An Excellent Mystery, by Ellis Peters
The eleventh book in the Brother Cadfael series , this book is different from much of the series in that it actually does not involve a murder at its heart. To be sure, the context of the book has a lot of death and destruction as a result of fighting around the city of Winchester, fighting that sends a grievously wounded Benedictine monk into the Abbey in Shrewsbury with his mute and devoted companion. Indeed, it is the dying man who prompts so much concern, as a younger fellow wishes to court the young woman the aged and infirm former crusader released from her engagement when he was wounded to such an extent that his death was sure, without hope of fathering children, and it is the fact that she has gone missing, with a trail cold for three years, that spurs this novel, with an elegant and deeply touching solution, that spurs on the plot of this novel.
At its heart, this is a novel about devotion. A longtime servant is devoted to the well-being of a young lady, even if it risks him prison. A young woman devotedly serves her fiance, without his knowing, unwilling to be cast aside even if he cannot perform the duty of a husband. A young novice monk honorably protects an older monk from despair after feeling guilty over an obsessive attraction. A young knight is devoted to the young woman cast off by the dying knight, unwilling to rest until he has found her. Then there is the devotion of the Queen of England to her imprisoned husband, and the loyalty of the sheriff to that same king. All of these loyalties make for a complicated mixture of behavior that threatens the honor and reputation of Cadfael’s beloved Abbey and the Benedictine order as a whole, and it takes all of Cadfael’s discretion to make sure that everyone who knows what is going on has good enough reason to stay silent.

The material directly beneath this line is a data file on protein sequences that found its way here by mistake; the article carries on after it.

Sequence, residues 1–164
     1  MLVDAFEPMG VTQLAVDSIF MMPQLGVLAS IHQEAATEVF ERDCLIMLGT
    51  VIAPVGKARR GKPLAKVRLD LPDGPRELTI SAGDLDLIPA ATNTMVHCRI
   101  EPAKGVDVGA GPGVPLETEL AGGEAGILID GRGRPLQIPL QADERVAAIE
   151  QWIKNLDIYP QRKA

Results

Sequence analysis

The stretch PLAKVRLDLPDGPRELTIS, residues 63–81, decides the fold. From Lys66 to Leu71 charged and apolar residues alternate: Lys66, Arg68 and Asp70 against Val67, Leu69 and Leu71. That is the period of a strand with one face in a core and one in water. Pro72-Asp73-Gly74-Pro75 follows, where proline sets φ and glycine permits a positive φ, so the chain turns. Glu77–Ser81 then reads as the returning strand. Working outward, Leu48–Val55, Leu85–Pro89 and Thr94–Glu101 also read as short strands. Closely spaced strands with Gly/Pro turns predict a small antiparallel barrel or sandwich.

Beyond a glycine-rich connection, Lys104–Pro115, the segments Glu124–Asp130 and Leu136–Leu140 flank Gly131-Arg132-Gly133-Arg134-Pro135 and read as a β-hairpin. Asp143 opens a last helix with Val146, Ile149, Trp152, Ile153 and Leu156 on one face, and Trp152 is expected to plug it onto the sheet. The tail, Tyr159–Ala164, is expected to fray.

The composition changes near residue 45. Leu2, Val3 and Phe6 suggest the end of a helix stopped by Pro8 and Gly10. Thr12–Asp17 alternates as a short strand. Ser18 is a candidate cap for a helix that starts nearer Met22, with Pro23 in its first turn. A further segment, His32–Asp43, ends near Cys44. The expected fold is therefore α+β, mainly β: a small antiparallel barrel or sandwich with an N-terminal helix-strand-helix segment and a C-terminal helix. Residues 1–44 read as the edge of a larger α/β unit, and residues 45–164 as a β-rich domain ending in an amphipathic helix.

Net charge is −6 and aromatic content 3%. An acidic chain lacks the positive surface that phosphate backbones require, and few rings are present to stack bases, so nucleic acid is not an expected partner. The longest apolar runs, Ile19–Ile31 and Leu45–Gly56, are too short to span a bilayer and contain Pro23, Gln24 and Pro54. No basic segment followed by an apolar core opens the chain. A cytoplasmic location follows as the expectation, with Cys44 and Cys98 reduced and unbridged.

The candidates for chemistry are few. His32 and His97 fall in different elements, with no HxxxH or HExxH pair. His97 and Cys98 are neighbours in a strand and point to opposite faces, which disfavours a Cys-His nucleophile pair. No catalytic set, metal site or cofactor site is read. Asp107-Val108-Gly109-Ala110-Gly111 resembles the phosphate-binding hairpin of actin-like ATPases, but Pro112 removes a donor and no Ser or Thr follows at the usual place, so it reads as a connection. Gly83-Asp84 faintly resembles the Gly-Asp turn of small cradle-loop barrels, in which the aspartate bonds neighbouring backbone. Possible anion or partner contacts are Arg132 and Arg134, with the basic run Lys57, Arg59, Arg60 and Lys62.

Indeed, silence too is at the heart of this novel, whether that silence is done in order to avoid lying, or avoid causing harm and scandal. I could feel the pain of love all too deeply in this novel, which has a a grace that is truly deeply wounded and broken. Oh, that we could recognize such love in our own lives as this book has, that we could be so noble and risk so much, and be so richly rewarded for our pains. For all too often our hearts are wasted foolishly and we do not receive a good reward for all of our worries and anxieties. Yet here, in the realm of fiction, we can see that everything does turn out alright, and justly, with a kind authorial providence, even in the face of risks as grave as warfare, rape, and the ravages of nature, time, and injury. With so much going on, it is little wonder that this novel strikes so close to home.
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